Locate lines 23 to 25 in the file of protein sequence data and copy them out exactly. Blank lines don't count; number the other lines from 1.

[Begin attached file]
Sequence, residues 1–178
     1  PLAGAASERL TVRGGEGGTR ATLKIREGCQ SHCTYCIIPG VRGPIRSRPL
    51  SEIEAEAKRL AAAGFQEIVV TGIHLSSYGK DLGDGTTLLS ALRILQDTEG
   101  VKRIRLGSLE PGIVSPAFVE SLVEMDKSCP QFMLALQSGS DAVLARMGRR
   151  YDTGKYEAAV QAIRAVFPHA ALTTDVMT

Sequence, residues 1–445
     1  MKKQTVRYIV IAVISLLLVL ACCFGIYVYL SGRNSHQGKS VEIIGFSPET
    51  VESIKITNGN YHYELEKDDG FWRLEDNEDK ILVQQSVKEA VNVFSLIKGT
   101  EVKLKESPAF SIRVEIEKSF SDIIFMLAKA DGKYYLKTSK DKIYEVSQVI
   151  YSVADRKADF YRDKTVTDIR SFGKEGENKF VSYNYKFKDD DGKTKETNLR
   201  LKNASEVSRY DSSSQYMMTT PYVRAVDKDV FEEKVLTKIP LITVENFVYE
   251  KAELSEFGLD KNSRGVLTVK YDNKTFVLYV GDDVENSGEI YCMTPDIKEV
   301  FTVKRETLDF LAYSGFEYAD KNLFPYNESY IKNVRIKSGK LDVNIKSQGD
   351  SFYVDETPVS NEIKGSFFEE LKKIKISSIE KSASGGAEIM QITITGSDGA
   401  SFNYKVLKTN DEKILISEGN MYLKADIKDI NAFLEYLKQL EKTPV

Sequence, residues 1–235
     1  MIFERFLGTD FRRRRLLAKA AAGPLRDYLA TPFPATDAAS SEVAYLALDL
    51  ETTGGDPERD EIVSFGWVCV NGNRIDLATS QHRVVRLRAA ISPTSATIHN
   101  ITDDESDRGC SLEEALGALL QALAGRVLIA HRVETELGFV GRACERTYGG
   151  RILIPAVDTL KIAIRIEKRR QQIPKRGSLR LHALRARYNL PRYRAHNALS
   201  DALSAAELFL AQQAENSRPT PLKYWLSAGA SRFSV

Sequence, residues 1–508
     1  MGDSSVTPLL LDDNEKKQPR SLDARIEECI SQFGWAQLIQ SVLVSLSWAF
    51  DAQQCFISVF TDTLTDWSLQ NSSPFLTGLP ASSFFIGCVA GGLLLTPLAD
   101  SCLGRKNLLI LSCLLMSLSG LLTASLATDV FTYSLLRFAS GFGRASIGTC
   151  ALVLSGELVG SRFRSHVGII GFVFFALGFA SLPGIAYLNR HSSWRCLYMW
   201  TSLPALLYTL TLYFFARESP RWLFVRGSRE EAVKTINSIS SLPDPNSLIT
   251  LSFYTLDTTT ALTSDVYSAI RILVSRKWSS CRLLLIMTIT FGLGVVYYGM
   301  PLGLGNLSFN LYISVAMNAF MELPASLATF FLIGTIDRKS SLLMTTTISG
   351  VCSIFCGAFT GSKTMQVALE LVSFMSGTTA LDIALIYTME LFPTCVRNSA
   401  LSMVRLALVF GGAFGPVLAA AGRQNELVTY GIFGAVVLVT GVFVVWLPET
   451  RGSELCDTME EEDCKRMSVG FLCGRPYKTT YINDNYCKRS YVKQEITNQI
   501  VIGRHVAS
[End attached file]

     1  MGDSSVTPLL LDDNEKKQPR SLDARIEECI SQFGWAQLIQ SVLVSLSWAF
    51  DAQQCFISVF TDTLTDWSLQ NSSPFLTGLP ASSFFIGCVA GGLLLTPLAD
   101  SCLGRKNLLI LSCLLMSLSG LLTASLATDV FTYSLLRFAS GFGRASIGTC